THROUGH A TOWNIE’S LENS
By Jock Lauterer
It’s another weekly Scout meeting for Troop 39 in 1959 down in the basement of the Chapel Hill University Methodist Church; time for a little jocularity. Six uniformed lads, clambering on one-another, quickly form a human pyramid and pose for Scoutmaster Ed Johnson to make the photograph. Click!
This scribbler, bottom row, far left, at 14, is the youngest of the cohort; the rest of the Scouts are, from left to right: Robert Crook and Joe Moore; middle row: Tim Hubbard and David Radford. That’s John Allcott on top.
As I write this piece on February 8, it’s official Scouting Anniversary Day, when I am drawn magnetically to this playful snapshot for its deeper contextual meaning. As a wise photographer once noted, “The camera points both ways.” So, we six are straining to please Ed, the Man, our mentor, coach, teacher, leader, sensei, Yoda. Our North Star.
The positive impact of Scoutmaster Johnson on the life of an old Eagle Scout cannot be overstated. Raised in Chapel Hill by a single mother of modest resources, and with no male role model at home, this Tenderfoot was in sore need of an exemplar—a father-figure to emulate, a benevolent someone who would give the adolescent a vision of what it meant to be a man.
And that man was Ed Johnson, who, as a psychology grad student at UNC, served as our Scoutmaster in the mid to late ’50s.
When Ed died in early December at 89, his passing forced me to focus on all the good that the man brought to my life and into that of other young boys in our outfit. For I’m sure I speak for scores of “Boyz II Men,” if you will, who flourished under his calm, dependable, unflappable, solid demeanor.
Additionally, one of Ed’s greatest gifts was that he passed on to us the inspiration by example to “pay it forward”—without self-seeking fanfare, to make a difference, to do much more than just the requisite “a good deed daily.”
So how fortunate was I that when Lynne and I moved back to Chapel Hill in ’01, I was able to find Ed Johnson and have a heartfelt visit at his unique deck house west of Carrboro overlooking Cane Creek and a clear-running waterfall from the nearby mill pond and the rock dam he rebuilt by hand. I wanted to express my gratitude to him in person, mano a mano—me at 56 and Ed at 68—for his impactful presence in this boy’s life at a particularly needy time.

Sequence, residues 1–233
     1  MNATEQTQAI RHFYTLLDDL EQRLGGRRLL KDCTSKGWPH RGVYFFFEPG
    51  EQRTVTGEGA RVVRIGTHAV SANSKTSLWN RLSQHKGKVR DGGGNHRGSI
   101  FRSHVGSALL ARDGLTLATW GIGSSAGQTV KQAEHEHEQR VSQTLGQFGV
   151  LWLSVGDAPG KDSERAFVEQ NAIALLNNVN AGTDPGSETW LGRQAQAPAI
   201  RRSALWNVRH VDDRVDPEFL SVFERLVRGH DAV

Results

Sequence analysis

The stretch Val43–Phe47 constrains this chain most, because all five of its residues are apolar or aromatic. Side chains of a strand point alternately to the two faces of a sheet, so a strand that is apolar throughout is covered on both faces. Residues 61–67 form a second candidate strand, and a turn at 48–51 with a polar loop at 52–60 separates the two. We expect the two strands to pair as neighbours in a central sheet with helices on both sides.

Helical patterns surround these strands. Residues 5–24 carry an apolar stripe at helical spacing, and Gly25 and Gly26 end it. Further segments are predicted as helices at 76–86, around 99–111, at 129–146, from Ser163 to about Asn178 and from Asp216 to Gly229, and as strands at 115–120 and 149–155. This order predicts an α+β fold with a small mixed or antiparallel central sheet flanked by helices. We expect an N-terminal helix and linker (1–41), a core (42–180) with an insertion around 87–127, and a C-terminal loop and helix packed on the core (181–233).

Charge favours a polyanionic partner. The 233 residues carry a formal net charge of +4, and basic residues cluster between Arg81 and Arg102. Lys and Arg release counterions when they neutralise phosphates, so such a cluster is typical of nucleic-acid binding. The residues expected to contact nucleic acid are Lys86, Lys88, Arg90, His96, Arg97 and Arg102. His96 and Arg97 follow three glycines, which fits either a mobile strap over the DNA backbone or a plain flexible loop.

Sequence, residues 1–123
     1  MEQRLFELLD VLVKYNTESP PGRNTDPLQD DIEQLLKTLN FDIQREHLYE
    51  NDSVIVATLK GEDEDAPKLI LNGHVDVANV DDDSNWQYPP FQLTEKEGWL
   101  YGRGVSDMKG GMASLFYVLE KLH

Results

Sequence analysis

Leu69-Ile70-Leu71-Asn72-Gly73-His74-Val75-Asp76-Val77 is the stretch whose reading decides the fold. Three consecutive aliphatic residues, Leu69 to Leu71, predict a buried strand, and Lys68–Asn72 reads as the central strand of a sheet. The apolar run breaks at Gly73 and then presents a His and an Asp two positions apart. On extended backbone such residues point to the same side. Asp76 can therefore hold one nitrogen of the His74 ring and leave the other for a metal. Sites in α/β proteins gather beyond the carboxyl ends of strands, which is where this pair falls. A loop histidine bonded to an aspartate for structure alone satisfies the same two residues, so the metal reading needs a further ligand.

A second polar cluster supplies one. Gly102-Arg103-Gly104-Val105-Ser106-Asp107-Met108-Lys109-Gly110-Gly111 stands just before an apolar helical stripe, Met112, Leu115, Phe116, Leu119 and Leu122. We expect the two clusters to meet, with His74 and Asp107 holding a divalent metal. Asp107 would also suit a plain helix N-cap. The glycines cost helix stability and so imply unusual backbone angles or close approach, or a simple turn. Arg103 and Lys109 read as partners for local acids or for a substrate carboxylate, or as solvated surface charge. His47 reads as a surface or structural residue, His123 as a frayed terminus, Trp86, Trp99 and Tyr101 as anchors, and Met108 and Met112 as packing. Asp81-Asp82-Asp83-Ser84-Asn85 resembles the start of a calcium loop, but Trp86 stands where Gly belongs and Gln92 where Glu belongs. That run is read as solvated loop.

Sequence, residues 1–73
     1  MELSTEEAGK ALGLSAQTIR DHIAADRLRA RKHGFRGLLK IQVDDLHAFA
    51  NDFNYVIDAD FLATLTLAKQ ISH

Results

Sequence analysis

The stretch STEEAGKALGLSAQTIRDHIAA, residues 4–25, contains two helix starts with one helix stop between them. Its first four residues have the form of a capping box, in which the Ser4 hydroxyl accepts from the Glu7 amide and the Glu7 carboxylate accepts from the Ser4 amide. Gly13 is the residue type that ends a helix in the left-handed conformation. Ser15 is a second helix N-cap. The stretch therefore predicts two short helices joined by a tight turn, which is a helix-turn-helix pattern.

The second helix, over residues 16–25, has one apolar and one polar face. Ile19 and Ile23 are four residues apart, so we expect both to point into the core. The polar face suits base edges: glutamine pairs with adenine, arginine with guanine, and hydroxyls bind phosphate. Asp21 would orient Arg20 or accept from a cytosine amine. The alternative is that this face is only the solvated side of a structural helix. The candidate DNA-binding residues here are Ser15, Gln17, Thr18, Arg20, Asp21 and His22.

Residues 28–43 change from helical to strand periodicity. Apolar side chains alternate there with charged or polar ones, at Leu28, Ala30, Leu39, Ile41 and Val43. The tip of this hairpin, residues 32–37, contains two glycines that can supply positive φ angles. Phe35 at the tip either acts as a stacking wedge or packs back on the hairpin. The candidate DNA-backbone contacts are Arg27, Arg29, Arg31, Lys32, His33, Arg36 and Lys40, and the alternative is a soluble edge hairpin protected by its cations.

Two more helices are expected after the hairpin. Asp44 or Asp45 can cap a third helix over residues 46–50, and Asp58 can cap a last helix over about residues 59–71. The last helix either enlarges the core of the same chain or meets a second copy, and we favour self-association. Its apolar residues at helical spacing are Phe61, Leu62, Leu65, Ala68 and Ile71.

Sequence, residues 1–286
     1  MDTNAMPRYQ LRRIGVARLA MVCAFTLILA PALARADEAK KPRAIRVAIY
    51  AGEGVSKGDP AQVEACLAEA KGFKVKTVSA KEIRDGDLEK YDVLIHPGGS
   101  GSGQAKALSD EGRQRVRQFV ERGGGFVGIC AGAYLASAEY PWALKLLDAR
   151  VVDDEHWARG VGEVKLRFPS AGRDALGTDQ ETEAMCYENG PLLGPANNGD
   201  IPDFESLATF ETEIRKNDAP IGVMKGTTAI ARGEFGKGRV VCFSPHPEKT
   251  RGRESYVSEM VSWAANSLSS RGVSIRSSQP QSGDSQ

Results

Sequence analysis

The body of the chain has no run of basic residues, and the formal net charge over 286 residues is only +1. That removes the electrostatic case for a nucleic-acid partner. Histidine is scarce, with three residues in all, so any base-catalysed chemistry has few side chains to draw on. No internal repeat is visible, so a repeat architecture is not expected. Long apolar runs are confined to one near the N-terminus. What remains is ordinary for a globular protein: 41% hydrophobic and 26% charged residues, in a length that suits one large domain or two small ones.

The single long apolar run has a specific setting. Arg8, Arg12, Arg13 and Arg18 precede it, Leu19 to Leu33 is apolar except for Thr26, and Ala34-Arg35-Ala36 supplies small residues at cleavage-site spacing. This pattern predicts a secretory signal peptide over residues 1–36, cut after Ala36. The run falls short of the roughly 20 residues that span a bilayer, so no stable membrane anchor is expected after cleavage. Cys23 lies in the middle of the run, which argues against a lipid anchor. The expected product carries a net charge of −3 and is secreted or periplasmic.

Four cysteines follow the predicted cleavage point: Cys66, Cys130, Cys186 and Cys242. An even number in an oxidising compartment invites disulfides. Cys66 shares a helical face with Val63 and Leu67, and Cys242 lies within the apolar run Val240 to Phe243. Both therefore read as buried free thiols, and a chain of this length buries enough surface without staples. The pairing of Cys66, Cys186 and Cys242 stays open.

Ed, being Ed, wouldn’t let me leave without another gift: the accompanying picture from his voluminous collection of photographic slides he had shot and catalogued over the years.
Now, as an old “perfesser,” I know there’s no greater teaching award than for a former student to return years later to thank you for something you’d said, taught or modeled that changed his or her life.
It may seem like a small thing, but actually knowing how to start a camp fire in a downpour or in the dead of winter can be a lifesaver. Ed knew the secret sauce and taught it to us: the inside of a dead red cedar tree—plentiful in these parts—when split into small pieces, will light with a single match. Once, when hiking and camping in Linville Gorge with a friend and caught in unexpected sub-freezing temperatures overnight, I was able to get the morning fire going, in spite of numb fingers and my camping buddy about to have a panic attack. Ed’s lesson on firebuilding may have actually saved our lives.
Tonight, as I lay the evening fire in the fireplace, I begin with a large backlog of dried split white oak; then, a single page of crumpled up newsprint, and finally I add slivers of red cedar. It still takes only one match.
Ed’s flame lives on.
(Author’s note: For more depth, read the excellent obituary on Ed Johnson in The Local Reporter.)
Jock Lauterer is a longtime photojournalist, honored in 2020 by PEN America as a “Local Journalist Hero. He is a senior lecturer at the UNC-Chapel Hill’s Hussman School of Journalism and Media and is the retired founding director of the school’s Carolina Community Media Project. The author of six books, Jock is also the winner of the 1998 National Geographic Magazine Faculty Fellowship, among his many accolades.